3. Mexico City, Mexico — 43.5 hours: The hardest working employees in the western world are in Mexico City, where people take an average of 17.3 days holiday a year, and work 16.3% longer than the global average.

2. Mumbai, India — 43.8 hours: As this picture shows, Mumbai is pretty busy and its residents are the second-hardest working on the planet. Mumbaikars clock an average of 2,276.6 hours a year in the office.

1. Hong Kong, China — 50.1 hours: Far in the lead, the hardest, or at least, longest-working people in any major city in the world call Hong Kong home. Home of the Asia headquarters of many of the world’s largest companies, people in the city work on average 27.4% more hours than the global average.

How to be a Persuasive Co-Worker

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It’s a fierce world out there. Competition for choice careers is high and in order to stay on top of your game, you need to stand out as much as you can. There are several ways to make your mark in the office from the overt (like showing up early or closing the most deals) to the covert…which we’ll cover today. Some of the most successful people in your office you’ll notice are the ones who don’t work themselves into a sweaty pulp by 4pm. The most successful people are often the most persuasive!

Persuasive people are masters at casting their point of view in the most positive light. They can influence others into agreeing with them simply by employing a few verbal and physical techniques that will inevitably play persuasive mind games with the other person. Master these techniques, and you’ll stand out from your competition as the valuable and persuasive asset that you are!

So buckle up, young Jedi: it’s time for class.

1. Mirror body language. A lot of people will talk about not crossing your arms or legs to appear more “open” to the other person. Do not. Subconsciously, the person you’re talking to will “see themselves” in you and will be more likely to believe that you two are of the same mind.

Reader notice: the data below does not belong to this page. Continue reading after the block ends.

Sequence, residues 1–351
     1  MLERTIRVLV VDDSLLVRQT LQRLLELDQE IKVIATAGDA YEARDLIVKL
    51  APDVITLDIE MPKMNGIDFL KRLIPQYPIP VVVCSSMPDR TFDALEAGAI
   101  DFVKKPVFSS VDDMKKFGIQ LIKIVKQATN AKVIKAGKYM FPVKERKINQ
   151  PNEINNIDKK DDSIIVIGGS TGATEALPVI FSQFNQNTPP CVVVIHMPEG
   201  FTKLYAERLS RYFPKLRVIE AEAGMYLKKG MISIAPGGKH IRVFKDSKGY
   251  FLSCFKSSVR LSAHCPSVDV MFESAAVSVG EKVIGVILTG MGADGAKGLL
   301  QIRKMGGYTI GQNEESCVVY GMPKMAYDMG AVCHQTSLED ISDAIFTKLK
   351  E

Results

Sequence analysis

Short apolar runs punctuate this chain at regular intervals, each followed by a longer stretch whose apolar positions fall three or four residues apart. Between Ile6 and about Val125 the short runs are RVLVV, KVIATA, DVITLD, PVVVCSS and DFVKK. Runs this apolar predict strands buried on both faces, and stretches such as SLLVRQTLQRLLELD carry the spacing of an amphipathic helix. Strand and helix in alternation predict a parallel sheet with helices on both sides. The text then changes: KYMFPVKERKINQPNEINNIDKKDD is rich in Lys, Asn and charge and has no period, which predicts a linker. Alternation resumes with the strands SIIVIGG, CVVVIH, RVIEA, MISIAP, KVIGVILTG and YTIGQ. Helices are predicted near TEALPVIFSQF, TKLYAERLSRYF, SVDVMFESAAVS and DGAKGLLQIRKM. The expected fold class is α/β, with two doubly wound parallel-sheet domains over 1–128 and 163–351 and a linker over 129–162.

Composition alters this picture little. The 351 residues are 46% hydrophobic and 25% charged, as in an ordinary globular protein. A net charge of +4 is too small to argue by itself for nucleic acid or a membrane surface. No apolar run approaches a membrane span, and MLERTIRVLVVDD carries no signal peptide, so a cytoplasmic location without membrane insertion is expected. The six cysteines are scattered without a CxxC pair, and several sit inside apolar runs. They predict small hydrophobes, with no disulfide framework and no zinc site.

2. Speak with confidence. This one seems like a no-brainer, but think about it. When you watch a presidential debate, are you going to feel comfortable supporting the guy sheepishly staring at his shoes or mumbling “Well…So…Uh…” Probably not. Make definitive statements! Stand your ground! You’re a lion! Hear you roar!

3. But don’t yell. Or wave your arms. This is a complicated dance you’re doing, balancing gestures and vocal patterns to sound strong and assertive without seeming like a crazy person. Speak deliberately, politely, smile on occasion and actually…..

4. LISTEN. Pause and listen to what the other person is saying. Not  only do you give your sparring partner a chance to voice their opinion, it shows respect, and they will see that and be more likely to reciprocate and listen to your point of view as a result. Plus, it gives you a chance to plan your  next move.

5. Compliment sincerely. When you listen to what they are saying, take a step back and verbally acknowledge something that they said. “I see what you’re saying,” “That’s an excellent point,” and “I agree” are a few useful phrases that will open the other person up to your perspective and will actually get them to parrot you back!

6. Transfer your energy. Make eye contact, touch their shoulder, or laugh. These acts make you seem strong and confident and like someone they want to follow and listen to.

7. Have good posture. This goes along with transferring your energy. But if you stand tall, you’ll be more imposing and seem like an authority.

8. Create opportunities. Consistently referring to the person you are talking to and offering them a chance to participate in the conversation, the project, the campaign, etc. makes them feel like they are being brought into an exclusive club. And who doesn’t like that? You are bringing them under your wing and showing them a whole new world. Bring them on board that flying carpet and make them feel like they are getting the experience of a lifetime by going your way.

9. Create scarcity. Push them. Express the idea that you are only accepting ten more applicants, or that the sale is only going on for a few more days. That sort of timeline will more often than not assuage them of any notion that they have time to think about what you’re saying and thus deny you.

10. Review. Get your last words out and close hard. Review your key points whatever it is you are trying to accomplish, do it. “Great, so let’s get started.” “Sounds like we’re good to go.” “Let’s proceed.” You see? You’re ready to get going, aren’t you?